Have you ever dreamed of being that family that always has friends and relatives in your home, but you’re a little intimidated at the prospect? Opening your doors to neighbors may be scary the first time, but it gets easier and easier. I’m here to share my favorite tips to make those first few guest visits as stress-free as possible.
1) Ditch the Pinterest Perfect Mentality
The number one enemy against welcoming guests into our homes is Pinterest.
I know that sounds rather drastic, but if you don’t believe me, head over to Pinterest and do a quick search for “Host a Gathering”. The results are stunningly beautiful – and completely unattainable for your average hostess. (That’s me!) There are elaborate place settings, perfectly portioned desserts in cute, individually sized serving dishes, and floral greenery galore. My family eats off of plain white plates, the only flowers in my house show up around Valentine’s Day and wilt a week later, and I certainly don’t have time to dress up a dainty plate of pastries and mousse for each guest.
Now don’t get me wrong: I LOVE Pinterest when it comes to finding recipes, getting inspiration for home decor, and adding to my repertoire of life hacks. But Theodore Roosevelt was right when he said, “Comparison is the thief of joy.” You are looking to have people into your home because your family wants to show them hospitality. It won’t look the same as a get together your neighbor may host someday, and that’s just how it should be.
Allow your lifestyle and personal touches to shine through. If there are toys strewn across the living room when guests come into my home, I don’t sweat it. My guests know that I have toddlers, and it would be kinda weird if there was no sign of them at all. These people aren’t coming to critique your housekeeping or home decor, they’re coming to spend time with you.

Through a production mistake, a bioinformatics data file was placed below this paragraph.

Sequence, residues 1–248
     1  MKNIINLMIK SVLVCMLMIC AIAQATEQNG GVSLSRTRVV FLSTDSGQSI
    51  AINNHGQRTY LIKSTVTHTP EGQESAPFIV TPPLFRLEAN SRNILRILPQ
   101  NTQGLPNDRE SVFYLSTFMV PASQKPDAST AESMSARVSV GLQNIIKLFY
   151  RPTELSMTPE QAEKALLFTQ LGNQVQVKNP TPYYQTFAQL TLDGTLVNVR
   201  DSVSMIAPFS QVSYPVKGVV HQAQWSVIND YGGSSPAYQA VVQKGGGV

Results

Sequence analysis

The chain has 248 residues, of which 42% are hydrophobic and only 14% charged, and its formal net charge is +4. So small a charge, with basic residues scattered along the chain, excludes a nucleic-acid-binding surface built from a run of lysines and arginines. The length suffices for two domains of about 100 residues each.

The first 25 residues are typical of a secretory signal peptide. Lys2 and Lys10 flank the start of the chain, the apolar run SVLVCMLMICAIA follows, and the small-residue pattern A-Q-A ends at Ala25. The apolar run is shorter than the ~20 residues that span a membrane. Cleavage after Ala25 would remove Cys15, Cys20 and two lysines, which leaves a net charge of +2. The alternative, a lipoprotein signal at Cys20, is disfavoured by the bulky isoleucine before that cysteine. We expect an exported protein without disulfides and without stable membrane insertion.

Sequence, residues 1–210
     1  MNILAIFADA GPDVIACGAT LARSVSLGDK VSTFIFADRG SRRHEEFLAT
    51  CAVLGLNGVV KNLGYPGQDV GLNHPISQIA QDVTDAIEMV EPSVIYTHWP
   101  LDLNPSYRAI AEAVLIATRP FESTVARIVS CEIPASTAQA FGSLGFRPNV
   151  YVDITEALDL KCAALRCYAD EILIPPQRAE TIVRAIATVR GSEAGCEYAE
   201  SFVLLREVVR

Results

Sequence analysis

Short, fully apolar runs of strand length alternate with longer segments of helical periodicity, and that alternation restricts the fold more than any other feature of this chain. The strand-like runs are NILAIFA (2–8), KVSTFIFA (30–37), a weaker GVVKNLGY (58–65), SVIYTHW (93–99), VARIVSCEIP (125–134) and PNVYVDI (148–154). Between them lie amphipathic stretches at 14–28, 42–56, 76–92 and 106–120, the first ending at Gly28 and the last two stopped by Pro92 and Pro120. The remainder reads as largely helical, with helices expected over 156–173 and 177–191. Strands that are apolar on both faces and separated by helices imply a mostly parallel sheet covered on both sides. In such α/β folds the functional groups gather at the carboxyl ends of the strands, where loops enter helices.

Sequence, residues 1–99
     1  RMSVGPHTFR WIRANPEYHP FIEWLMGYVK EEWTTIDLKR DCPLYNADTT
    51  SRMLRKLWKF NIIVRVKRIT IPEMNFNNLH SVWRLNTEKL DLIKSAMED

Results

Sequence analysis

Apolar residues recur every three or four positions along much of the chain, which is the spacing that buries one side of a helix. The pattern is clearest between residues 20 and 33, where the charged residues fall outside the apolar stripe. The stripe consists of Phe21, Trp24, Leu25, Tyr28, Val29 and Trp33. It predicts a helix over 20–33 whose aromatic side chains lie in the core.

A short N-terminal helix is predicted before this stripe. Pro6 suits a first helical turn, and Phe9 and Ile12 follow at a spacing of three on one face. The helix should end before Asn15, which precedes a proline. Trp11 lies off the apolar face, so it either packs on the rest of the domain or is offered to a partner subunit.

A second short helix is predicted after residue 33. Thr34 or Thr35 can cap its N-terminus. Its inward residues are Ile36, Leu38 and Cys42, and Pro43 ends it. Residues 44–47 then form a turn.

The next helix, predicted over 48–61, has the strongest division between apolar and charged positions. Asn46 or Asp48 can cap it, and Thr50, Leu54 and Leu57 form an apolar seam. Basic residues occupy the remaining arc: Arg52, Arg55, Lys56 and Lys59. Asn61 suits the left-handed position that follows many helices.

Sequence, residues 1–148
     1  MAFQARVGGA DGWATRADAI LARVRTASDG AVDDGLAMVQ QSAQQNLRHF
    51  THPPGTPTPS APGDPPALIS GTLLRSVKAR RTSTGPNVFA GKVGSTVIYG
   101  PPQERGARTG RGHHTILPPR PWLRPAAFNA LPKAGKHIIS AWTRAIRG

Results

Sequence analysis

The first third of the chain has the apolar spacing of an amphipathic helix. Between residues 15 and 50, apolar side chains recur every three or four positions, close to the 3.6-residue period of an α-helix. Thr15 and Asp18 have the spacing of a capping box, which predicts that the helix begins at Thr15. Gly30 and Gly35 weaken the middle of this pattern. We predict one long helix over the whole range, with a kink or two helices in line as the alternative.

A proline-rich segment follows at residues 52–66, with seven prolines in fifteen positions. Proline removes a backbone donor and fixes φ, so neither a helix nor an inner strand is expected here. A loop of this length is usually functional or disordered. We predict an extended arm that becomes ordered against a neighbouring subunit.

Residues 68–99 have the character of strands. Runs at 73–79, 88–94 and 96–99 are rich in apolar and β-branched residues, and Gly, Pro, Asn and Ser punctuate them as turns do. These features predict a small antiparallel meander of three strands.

2) Just Cover the Basics
While having guests is a great excuse to get a little extra cleaning done, this is not the time to start reorganizing all of your dresser drawers. Even on the off chance that your guests want to tour your home, I can promise you they will not be going through your sock drawer.
Stick to getting the important things done: toilet paper in the bathroom, the dishes cleaned out of the sink, and clearing the table where you’ll be eating are good places to start. Little things like smoothing out the afghan covering the couch or taking your kids shoes to their room instead of having them piled by the door can also go a long way.
When it comes to the food, it doesn’t have to be elaborate. Your guests will probably feel more at ease eating a lasagna than escargot anyway. I personally love to throw a simple stew or roast into my crock pot early in the day. Then when dinner time rolls around, I may be fixing up a light salad or sticking some frozen rolls in the oven, but the hard work is over and I’m not scrambling at the last minute to get food on the table. If cooking intimidates you, invite some friends over for pizza and games. Nobody is going to judge you for a fun evening playing board games or cards with a group of friends over a plate of pizza. It creates a casual atmosphere which is perfect for growing neighborly relationships.
3) Remember What’s Most Important
The most important thing to remember is why you are having people into your home. It isn’t to impress them with your culinary arts or your perfectly kept house, it’s to grow friendships and make memories.
I have an uncle who always says that “it’s better to share together over a biscuit than to not be together at all.” That may be a bit drastic, and I’ll admit I’d be embarrassed if all I had to offer my guests was a single biscuit, but the principle holds true. The important thing is spending time together.
If all you accomplish is bringing a group of people together, you have still accomplished the most important thing.